Yesterday, we said very clearly that we are extremely proud of the work that AID has done in Russia over the past 20 years. In addition to civil society support, as we’ve talked about, U.S. support went to help Russia, and the Russian people in particular, manage health problems like tuberculosis, HIV/AIDS, to help Russia improve environmental standards, to protect wildlife, things that are of greater good not only to the Russian people, but also to the region and to the world. And it is regrettable that the Russian people are not going to be able to benefit from the support that the American people are sending their way in these areas of health, environment, et cetera.
And with regard to our support for civil society, for democracy, for human rights, for rule of law, we will continue to work with those Russians in civil society who want to work with us. We do that in many parts of the world where we don’t have AID missions, and we are looking now at precisely how we’ll work this through, but we are committed to stay on the side of those who want to see a more democratic, more just Russia.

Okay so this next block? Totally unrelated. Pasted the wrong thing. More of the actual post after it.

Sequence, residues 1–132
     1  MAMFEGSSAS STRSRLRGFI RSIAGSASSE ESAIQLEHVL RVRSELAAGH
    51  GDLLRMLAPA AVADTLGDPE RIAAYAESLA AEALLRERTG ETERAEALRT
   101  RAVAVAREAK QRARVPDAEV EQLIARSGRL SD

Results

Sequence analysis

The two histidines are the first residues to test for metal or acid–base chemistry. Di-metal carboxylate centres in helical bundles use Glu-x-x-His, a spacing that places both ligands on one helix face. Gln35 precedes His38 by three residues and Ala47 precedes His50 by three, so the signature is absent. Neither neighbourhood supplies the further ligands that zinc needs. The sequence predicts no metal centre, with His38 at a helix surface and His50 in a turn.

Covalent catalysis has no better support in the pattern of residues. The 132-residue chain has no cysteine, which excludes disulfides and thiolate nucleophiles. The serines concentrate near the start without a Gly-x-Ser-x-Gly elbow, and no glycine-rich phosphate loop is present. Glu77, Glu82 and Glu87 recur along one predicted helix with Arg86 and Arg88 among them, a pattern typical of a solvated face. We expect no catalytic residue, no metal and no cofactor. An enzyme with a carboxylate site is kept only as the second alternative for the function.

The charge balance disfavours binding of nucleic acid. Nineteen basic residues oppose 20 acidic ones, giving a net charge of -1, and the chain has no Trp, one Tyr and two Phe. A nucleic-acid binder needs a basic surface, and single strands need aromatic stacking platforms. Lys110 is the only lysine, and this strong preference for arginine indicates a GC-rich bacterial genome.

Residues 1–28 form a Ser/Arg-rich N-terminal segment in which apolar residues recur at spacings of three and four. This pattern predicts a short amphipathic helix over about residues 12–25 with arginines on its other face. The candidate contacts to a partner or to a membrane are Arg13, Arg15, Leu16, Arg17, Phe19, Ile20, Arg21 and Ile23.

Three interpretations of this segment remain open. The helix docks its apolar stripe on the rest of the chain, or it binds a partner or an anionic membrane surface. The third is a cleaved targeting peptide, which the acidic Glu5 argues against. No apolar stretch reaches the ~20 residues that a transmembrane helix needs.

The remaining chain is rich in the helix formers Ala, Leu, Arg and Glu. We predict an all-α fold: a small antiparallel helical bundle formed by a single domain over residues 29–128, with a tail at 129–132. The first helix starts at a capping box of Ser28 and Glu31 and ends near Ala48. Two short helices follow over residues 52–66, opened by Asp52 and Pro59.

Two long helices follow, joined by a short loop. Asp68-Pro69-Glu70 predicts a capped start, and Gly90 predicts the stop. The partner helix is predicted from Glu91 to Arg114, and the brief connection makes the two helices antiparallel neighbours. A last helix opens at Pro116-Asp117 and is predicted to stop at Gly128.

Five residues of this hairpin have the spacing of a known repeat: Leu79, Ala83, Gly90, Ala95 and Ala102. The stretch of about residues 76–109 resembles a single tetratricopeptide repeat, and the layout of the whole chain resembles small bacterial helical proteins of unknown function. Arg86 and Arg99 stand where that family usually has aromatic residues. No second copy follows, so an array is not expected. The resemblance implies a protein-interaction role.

QUESTION: Okay. Just two very brief follow-ups: One, yesterday, you didn’t want to say that you were disappointed in the Russian – in this Russian decision. Is that still – is that – are you still not wanting to say that? Do you think this is just a case of, well, if they don’t want money from America, then fine?
And two – I’ve forgotten what two is now, so start with – (laughter) --
MS. NULAND: Well, as I just --
QUESTION: Oh, right, I remember what two – two is did any --
MS. NULAND: I may not remember two by the time we get to it.
QUESTION: Did any of the – did any of this assistance that you’re talking about for political parties go to now-President Putin’s party?
MS. NULAND: Well, first, on the last point, when we offer democracy programs anywhere in the world, we are evenhanded as to access to them for any political party that wants to take advantage of them. This is not about how you win; this is about how you manage campaigns, about how you work with civil society, et cetera. So I can’t speak to whether the party of the President of Russia ever worked with NDI or IRI. I’ll refer you to them. But I would guess at some point, some of those individuals probably did work with us.